It’s not like I’m the first to say so. Most famously, Charles Dickens opened A Tale of Two Cities with a similar conundrum. More recently and specifically, the concept of an “environmentalist’s paradox” gained brief currency in 2010, when Bioscience magazine published an article called Untangling the Environmentalist’s Paradox: Why is Human Well-Being Increasing While Ecosystem Services Degrade? The researchers, led by McGill’s Ciara Raudsepp-Hearne, posited four potential answers:
- Maybe humans aren’t actually better off, but only think we are.
- Advances in food production outweigh all other considerations.
- Modern technology has reduced our reliance on ecosystem services.
- The worst effects of environmental degradation are yet to come.
I’ve covered my (debatable, fine) take on the first. On food production, I’m reminded of the biologist I once interviewed about the cumulative impacts of Alberta’s energy industry on the province’s wildlife. Sure, he said, oil and gas do a lot of damage, but if you want to study an industry that’s really devastated the environment, you should be looking at agriculture. There aren’t a lot of caribou wandering the fields between Edmonton and Calgary. That leads to the third answer, the one I hear most often, which assumes technology will protect us from the slings and arrows of environmental desolation. Who needs caribou when we’ve got factories full of pigs and cows? We can seed the clouds, build the dikes, switch to solar when the oil runs out. It’s happening already.
But whenever I’m told that technology will save us from the consequences of technology, I think of the Northern cod. After the population suffered a partial collapse in the 1970s, cries of overfishing were ignored — and catches started getting bigger again, not smaller. Improved radar and sonar technology enabled fishing fleets to zero in on the cod’s huge remaining schools, scoop them up with total efficiency and point to their rising catch as proof of the population’s overall health. So it went until 1992, when suddenly, or so it seemed, the last school was sucked from the sea. In this way, the industry’s biggest year was also its last.
Which brings us to our final conclusion: The worst is yet to come. We’re seeing glimpses of it now, the first of the worst, in the unprecedented cycles of fire and flood now ravaging the planet; in the Great Barrier Reef, reduced to white skeleton; in the Gulf of Mexico’s New Jersey-sized dead zone at the mouth of the Mississippi; in the crashing populations of monarch butterflies and other vanishing species. These things flare up, horrify everyone for a news cycle, then become that most modern phenomenon, the new normal.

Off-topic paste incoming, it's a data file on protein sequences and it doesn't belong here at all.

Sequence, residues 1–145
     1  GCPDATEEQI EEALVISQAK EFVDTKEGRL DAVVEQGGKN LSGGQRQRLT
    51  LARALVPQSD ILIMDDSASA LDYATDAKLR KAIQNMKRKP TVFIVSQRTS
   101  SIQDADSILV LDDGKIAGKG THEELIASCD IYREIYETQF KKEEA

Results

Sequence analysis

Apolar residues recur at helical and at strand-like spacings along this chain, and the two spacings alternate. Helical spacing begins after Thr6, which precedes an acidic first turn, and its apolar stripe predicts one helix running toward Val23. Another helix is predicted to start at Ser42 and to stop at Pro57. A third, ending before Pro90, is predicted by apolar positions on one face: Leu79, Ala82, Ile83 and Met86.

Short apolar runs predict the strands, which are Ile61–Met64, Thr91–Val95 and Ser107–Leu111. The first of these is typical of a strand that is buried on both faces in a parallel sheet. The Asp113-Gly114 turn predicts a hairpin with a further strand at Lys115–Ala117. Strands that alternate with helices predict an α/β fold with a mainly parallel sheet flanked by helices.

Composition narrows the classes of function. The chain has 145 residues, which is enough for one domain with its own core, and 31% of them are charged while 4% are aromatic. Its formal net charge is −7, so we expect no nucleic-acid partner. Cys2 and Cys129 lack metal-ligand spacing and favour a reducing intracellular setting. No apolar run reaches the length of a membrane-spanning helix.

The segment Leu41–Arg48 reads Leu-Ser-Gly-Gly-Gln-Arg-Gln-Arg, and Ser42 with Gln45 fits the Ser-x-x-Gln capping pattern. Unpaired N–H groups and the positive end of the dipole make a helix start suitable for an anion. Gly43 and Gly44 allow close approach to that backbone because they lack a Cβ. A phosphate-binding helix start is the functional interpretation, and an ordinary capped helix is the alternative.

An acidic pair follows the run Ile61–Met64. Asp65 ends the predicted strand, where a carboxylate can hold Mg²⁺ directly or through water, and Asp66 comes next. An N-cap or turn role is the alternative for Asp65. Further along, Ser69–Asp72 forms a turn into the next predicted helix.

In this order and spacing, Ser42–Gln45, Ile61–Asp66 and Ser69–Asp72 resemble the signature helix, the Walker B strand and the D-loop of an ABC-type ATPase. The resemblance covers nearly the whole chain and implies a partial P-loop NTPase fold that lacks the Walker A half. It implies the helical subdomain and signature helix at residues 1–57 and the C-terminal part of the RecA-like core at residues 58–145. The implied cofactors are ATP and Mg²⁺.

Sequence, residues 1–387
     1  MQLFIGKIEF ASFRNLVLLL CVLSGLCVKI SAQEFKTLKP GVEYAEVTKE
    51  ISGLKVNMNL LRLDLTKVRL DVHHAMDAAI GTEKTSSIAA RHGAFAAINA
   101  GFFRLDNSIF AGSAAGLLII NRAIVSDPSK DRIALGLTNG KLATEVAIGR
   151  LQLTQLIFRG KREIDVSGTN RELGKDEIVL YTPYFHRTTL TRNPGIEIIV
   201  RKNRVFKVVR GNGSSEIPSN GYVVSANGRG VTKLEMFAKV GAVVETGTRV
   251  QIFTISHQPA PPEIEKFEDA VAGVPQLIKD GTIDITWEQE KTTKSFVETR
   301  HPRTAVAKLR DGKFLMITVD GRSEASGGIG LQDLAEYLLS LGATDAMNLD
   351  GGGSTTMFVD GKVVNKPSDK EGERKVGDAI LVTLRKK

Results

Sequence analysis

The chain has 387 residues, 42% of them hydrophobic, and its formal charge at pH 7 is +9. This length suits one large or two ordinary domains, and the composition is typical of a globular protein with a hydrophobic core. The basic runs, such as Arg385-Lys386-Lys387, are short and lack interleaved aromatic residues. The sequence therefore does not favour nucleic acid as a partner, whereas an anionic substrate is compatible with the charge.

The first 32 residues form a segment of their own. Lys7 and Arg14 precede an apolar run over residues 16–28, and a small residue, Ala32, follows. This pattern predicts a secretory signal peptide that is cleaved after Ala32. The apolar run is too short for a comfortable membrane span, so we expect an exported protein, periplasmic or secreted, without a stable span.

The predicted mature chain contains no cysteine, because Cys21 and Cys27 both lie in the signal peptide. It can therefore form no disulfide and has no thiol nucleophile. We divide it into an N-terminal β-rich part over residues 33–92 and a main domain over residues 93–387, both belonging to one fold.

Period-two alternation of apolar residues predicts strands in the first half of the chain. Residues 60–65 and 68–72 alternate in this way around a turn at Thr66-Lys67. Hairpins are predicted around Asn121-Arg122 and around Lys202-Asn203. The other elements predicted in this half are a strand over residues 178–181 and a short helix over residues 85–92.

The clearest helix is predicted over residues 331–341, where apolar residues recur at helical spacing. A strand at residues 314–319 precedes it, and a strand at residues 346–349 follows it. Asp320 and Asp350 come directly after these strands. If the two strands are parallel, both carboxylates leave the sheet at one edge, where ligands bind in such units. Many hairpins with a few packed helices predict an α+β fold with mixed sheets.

That said, Newfoundland’s fishermen didn’t wink out of existence with the cod. Many of them moved to Fort McMurray and found work in the oilsands. So let’s say technology can save us. Let’s say we can despoil the earth and still enjoy our human rights to steady jobs and craft beer and free childhood education, until the sun blows up. That would take care of the existential crisis, all right.
Less so the moral abomination.
Around the time my province was catching fire, a tragedy unfolded in the waters to my west. It began when a killer whale gave birth to a calf that died half an hour later. Overcome by grief, the mother refused to let her baby go and instead carried it with her, raising the body above the surface so it could breathe, over and over again, for 17 days.
Seventeen days. The story made global headlines, which is its sole redeeming aspect. It demonstrates not just how deeply non-humans can grieve, but how deeply humans can empathize with another species’ suffering. I’d like to think we can’t not empathize, if only we’re made aware.
For much of human history, slavery was endemic to every continent. We denied women the vote, if there was one. We beat our children. We deployed casual, violent slurs against ethnic or religious or sexually oriented others, and marginalized them to death. Slowly, fitfully, with all kinds of backsliding and failures of principle and mountains yet to climb, this is changing. Humanity is learning to see itself in the other, to feel that other’s pain.
None of this ends until we’ve wrapped the very lakes and mountains in our embrace.
This expansion of empathy has begun to spread beyond our own species. We don’t beat our dogs, we no longer trap wild orcas to be trained at SeaWorld. But that journey’s just begun. Humans didn’t kill that baby orca directly, but we are very much the reason why the Southern Resident population it was born into is on the brink of extirpation, down to 75 individuals. Hounded by overfishing and whale-watchers and climate change and a degree of acoustic agony no human can fully comprehend, the Southern Residents haven’t had a successful new birth since 2015.
Will we ease their misery? Will we implement the sweeping policy changes required to keep orcas from disappearing forever from these waters? If so, can we then keep growing our moral sphere to include not just charismatic megafauna, but fish, too, and reptiles, and birds, and insects? If you think that’s radical, plants are next. The further you go, the crazier it seems, but none of this ends until we’ve wrapped the very lakes and mountains in our embrace.
Because this is where the paradox unravels, becomes a single linear truth: The same suppression of empathy that’s allowed humans to destroy one another throughout history is what allows us to ravage our biosphere.
The good news is it doesn’t have to be this way. We now acknowledge, in words and intention if not always in deed, that it’s wrong for one human to oppress another. Some countries — New Zealand, Bolivia, Ecuador — have even begun enshrining the rights of nature in their constitutions.
Beneath every great fortune lies a hidden crime. Here in Canada, our Truth and Reconciliation process is excavating one such crime, forcing us settlers to confront the dark origins of our land wealth. It’s a moral awakening, a further expansion of our sphere of empathy — centuries late and excruciatingly slow, but it’s happening.
But those orcas, those caribou, those cod? For now, they’re just a bunch of animals.